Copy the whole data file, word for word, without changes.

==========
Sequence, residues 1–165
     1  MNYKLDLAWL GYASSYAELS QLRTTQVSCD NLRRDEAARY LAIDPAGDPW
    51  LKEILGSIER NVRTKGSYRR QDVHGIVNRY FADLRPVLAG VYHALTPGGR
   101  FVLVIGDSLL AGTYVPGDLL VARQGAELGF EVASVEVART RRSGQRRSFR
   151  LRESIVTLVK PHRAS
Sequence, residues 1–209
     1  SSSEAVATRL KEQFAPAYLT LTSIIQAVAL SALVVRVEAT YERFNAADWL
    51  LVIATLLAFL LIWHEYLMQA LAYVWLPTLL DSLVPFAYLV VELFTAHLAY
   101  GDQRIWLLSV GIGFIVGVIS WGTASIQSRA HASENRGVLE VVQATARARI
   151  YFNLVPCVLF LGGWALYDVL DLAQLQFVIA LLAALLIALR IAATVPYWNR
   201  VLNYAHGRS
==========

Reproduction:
Sequence, residues 1–165
     1  MNYKLDLAWL GYASSYAELS QLRTTQVSCD NLRRDEAARY LAIDPAGDPW
    51  LKEILGSIER NVRTKGSYRR QDVHGIVNRY FADLRPVLAG VYHALTPGGR
   101  FVLVIGDSLL AGTYVPGDLL VARQGAELGF EVASVEVART RRSGQRRSFR
   151  LRESIVTLVK PHRAS
Sequence, residues 1–209
     1  SSSEAVATRL KEQFAPAYLT LTSIIQAVAL SALVVRVEAT YERFNAADWL
    51  LVIATLLAFL LIWHEYLMQA LAYVWLPTLL DSLVPFAYLV VELFTAHLAY
   101  GDQRIWLLSV GIGFIVGVIS WGTASIQSRA HASENRGVLE VVQATARARI
   151  YFNLVPCVLF LGGWALYDVL DLAQLQFVIA LLAALLIALR IAATVPYWNR
   201  VLNYAHGRS